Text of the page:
Sailing: Wicklow Sailing Club net new sponsor for Round Ireland Race
SSE Renewables revealed as backers of popular 704 mile event
Barry Kilcline, head of offshore development with SSE Renewables with Kyran O’Grady, Commodore of Wicklow Sailing Club at the launch of the SSE Renewables Round Ireland Yacht Race 2020 off Wicklow Head lighthouse. The biennial 704-mile race will start on Saturday June 20th next year. Photograph: David Branigan/Oceansport
Irish sailing is facing an exceptionally busy season in 2020 with two announcements this week further adding to options for cruiser-racer teams. If co-ordinated, a significant influx of overseas boats can be expected.
Wicklow Sailing Club announced SSE Renewables as their new sponsor for the 704-mile Round Ireland Race and have confidently declared a target of at least 60 boats with plans to grow the fleet in subsequent editions.
Dun Laoghaire sailor Niall Dowling of the Royal Irish Yacht Club has declared his intention to return after winning line honours and the overall victory of the 2018 race on Baraka GP, a specially chartered entry.
Currently racing a Fast 40, he has still to source a suitable boat for the race that stars from Wicklow on Saturday June 20th.
Allowing up to a week for the race depending on the size of entry, home team and visitors alike have the option of a short break before the Royal Cork YC hold their major tricentenary celebrations in their established Cork Week slot in the second half of July.
Feeder races to the event are usually low-key features of big regattas but a re-enactment of the “Kingstown to Queenstown” route will serve Irish Sea entries.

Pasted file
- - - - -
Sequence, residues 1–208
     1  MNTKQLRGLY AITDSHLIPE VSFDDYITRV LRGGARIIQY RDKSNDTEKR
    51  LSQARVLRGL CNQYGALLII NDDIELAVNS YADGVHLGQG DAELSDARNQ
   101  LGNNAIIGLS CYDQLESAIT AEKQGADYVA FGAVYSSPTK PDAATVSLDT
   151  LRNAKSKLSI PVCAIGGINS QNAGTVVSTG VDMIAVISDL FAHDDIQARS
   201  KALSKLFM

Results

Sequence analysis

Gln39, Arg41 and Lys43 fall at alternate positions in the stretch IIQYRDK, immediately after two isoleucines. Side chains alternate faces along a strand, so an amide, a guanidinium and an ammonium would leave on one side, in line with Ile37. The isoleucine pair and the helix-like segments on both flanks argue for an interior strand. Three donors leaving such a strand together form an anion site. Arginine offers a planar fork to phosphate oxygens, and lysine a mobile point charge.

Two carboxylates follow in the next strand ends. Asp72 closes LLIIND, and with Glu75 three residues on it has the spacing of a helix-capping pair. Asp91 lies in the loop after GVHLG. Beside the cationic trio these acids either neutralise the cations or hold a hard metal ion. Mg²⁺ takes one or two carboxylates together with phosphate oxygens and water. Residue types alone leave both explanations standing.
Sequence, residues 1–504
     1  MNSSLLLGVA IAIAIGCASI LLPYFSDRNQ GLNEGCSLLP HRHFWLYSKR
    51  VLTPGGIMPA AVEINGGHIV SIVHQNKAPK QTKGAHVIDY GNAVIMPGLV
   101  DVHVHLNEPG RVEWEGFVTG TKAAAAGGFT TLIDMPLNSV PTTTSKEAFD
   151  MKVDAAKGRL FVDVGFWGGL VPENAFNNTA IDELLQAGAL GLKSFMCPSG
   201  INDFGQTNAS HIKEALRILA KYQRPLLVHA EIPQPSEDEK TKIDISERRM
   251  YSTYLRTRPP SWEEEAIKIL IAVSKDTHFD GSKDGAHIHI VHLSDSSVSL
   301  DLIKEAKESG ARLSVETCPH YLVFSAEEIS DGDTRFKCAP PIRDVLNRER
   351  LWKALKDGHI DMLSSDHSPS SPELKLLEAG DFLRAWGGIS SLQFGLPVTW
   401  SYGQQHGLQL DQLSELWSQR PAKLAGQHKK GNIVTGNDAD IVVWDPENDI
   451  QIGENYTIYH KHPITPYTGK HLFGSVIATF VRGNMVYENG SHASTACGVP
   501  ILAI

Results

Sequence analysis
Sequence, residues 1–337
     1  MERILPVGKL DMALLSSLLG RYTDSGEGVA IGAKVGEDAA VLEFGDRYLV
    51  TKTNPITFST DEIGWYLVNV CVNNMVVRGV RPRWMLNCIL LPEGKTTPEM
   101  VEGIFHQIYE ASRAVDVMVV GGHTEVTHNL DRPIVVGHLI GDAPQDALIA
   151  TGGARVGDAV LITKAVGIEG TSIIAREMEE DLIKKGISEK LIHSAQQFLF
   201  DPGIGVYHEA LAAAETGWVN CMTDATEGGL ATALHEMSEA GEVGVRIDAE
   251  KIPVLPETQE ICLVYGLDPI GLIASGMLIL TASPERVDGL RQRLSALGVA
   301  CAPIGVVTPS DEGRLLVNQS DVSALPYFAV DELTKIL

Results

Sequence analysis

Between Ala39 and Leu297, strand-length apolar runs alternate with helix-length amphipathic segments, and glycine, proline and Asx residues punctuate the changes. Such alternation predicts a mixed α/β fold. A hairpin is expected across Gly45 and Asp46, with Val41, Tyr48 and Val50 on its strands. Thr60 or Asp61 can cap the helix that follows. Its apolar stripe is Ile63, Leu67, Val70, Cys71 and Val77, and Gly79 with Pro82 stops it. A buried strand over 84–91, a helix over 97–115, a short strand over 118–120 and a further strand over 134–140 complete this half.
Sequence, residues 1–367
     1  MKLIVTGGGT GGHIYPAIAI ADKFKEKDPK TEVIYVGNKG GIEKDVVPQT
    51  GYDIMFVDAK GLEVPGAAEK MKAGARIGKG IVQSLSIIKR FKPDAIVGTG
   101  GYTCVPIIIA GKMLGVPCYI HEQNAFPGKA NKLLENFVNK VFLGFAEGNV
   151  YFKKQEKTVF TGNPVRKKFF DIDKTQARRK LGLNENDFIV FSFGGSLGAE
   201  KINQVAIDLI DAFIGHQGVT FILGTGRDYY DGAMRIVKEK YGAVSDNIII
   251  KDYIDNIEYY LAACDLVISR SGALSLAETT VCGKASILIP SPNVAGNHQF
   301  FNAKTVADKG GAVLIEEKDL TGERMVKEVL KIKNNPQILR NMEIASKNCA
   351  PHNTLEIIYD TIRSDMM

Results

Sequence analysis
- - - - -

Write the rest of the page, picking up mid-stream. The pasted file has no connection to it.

This can also serve as a delivery for the IRC European Championships that will also be staged as a standalone event within the Cork 300 celebration but also during Cork Week itself.
With so much happening, logistics and co-ordination will be of paramount importance – not least because the Irish Cruiser Racing Association’s own Irish national championships are also due to be sailed under the Cork Week banner.
While all these events are catering for the bigger, fully crewed boats, clearly not all options will work for everyone and some difficult choices may arise for some crews.
RORC chief executive Eddie Warden-Owen however reckons there are distinct followings and interest groups within the sport and most will be catered for.
He gives the example that some people will compete in the Morgan Cup, join in the Cork 300 celebrations on arrival but not stay for the full Cork Week or necessarily race in the European Championships.
“There’s quite a lot happening in Ireland next year,” he told The Irish Times yesterday. “People can’t do everything and we understand that people will have to make a choice.”
Shorter racecourses will be specially laid outside of Roches Point while a ten to 14-hour coastal race is planned along the Cork coastline during the Europeans giving a flavour of offshore racing.
As for the Round Ireland, Warden-Owen is confident the race can grow.
“If they [Wicklow] need our help we’re very happy to support it – it’s an important offshore race and part of our Season’s Points Championship so definitely a ‘preferred event’,” he said. “It has a mystique and popularity that continues to attract people.”
Meanwhile, having held its inaugural event in Crosshaven in 2016, the 5th edition of the IRC European Championship will take place over five days of racing from Monday July 13th to Friday July 17th 2020.